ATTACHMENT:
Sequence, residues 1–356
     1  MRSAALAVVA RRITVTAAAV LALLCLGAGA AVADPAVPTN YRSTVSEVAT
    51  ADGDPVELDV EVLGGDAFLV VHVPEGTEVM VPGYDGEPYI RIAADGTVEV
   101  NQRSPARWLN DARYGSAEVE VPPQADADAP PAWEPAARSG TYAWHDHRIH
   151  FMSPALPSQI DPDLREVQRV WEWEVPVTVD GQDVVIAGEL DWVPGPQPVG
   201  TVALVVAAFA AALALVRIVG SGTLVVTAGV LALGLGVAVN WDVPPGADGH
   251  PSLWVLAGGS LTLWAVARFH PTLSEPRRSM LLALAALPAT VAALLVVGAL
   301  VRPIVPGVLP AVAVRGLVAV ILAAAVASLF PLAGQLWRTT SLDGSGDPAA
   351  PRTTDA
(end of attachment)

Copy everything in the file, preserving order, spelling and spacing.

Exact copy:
Sequence, residues 1–356
     1  MRSAALAVVA RRITVTAAAV LALLCLGAGA AVADPAVPTN YRSTVSEVAT
    51  ADGDPVELDV EVLGGDAFLV VHVPEGTEVM VPGYDGEPYI RIAADGTVEV
   101  NQRSPARWLN DARYGSAEVE VPPQADADAP PAWEPAARSG TYAWHDHRIH
   151  FMSPALPSQI DPDLREVQRV WEWEVPVTVD GQDVVIAGEL DWVPGPQPVG
   201  TVALVVAAFA AALALVRIVG SGTLVVTAGV LALGLGVAVN WDVPPGADGH
   251  PSLWVLAGGS LTLWAVARFH PTLSEPRRSM LLALAALPAT VAALLVVGAL
   301  VRPIVPGVLP AVAVRGLVAV ILAAAVASLF PLAGQLWRTT SLDGSGDPAA
   351  PRTTDA